Golfweek senior writer David Dusek recently spoke with Club Champion co-founder and master builder Nick Sherburne about technologies used in putter fittings and common problems that club players have on the greens.
Dusek: What percentage of all the fittings at Club Champion are putter fittings?
Sherburne: Right now, putter fittings are 9 percent of our business.
Has that percentage changed over the last five to 10 years or stayed about the same?
Sherburne: Oh, it’s gone up for sure. I’d bet that about 10 years ago it was about 2 percent. We’ve done a lot of studies that show how club fitting can help your score, and there is no question in my mind that putting can have one of the biggest impacts. We preach that if you are only going to get fit for one club, just to see what the process is like, you should do your putter first. But honestly, nobody does that because it’s not sexy.
Because the allure of getting more distance from a driver fitting is stronger than the idea of getting fit for a putter?
Sherburne: I think that’s part of it, but when people miss putts they always seem to think, “Oh, it’s me, it’s not the putter.” They don’t understand that there are mechanics to a putter, and different aspects of a putter can make all the difference.
At PGA Tour events and when you get fit for new woods or irons, there is a good chance you’ll see people hitting balls using a launch monitor like TrackMan or Foresight. Are there technologies like that for putting?
Sherburne: Sure, there is S.A.M. (Science & Motion) Putt Lab and Quintic. Foresight and TrackMan both have putter features now, too.
And that’s the thing, technologies like that can show me (the fitter) stuff like I need a face-balanced putter (for the golfer) with one shaft’s-width of offset at 36 inches at a specific weight. Knowing that, I can interchange specific putters because it comes down to what the customer feels.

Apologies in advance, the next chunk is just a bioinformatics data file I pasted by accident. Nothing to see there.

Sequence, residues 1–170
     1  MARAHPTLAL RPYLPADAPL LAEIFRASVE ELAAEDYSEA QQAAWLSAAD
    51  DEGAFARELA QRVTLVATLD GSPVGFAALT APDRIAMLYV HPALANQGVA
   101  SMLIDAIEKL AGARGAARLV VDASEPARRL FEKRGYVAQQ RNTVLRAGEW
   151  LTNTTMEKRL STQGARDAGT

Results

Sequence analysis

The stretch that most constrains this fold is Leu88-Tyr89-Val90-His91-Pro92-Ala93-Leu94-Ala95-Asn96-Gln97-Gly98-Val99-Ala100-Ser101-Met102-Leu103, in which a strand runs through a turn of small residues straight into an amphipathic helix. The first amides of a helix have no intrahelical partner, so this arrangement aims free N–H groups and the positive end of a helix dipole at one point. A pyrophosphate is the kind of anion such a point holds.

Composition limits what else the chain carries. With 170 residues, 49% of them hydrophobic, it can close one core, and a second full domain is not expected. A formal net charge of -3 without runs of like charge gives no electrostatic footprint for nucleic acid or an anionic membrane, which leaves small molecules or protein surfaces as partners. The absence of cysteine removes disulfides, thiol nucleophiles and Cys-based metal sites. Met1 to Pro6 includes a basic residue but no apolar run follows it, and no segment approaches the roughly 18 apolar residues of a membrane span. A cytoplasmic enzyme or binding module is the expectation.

You may see tour players bounce between putters, but the actual mechanics between those putters don’t change very much.
What is the typical reaction when recreational golfers watch their putting stroke on high-speed cameras or computer-generated images?
Sherburne: This is why we use S.A.M. Putt Lab, because personally, I love that after the customer hits seven putts using it, the system basically creates a slide show to take the golfer through. They can see how each phase of the putt is broken down based on real putts they hit. At the end of it most people are like, “Wow, I had no idea!” Then we can take the information the system gave us, get a demo putter and bend it and see what happens. Before, they might have made three out of seven putts, but now they’ll make five or six out of seven.
When you’ve got the right putter, you can just feel it. Some people come in for a fitting and do have the right putter. Maybe we’ll just do a little tweak to it, but when you’ve got the right putter, you know it.
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When people come for a putter fitting, what is the most common shortcoming you see in the putter they use? Length, lie angle, loft?
Sherburne: Everything is really the right answer, but the most dominant is not enough toe hang. For me, that’s the biggest part of the puzzle, because you want to match it to the amount of rotation your stroke has. If you don’t have it, you will have trouble squaring up the putter (at impact).
Is the trend you’re seeing in putter grips still toward bigger, more-oversized models or are you seeing things swing back to smaller and more traditional grips?
Sherburne: What do you consider standard now? What I would have considered a mid-size grip 10 years ago is now the standard. Yes, the trend is to mid-size or larger, but the extremes are gone — the super big grips and the really thin grips. Gwk
(Note: This story appears in the April 2019 issue of Golfweek.)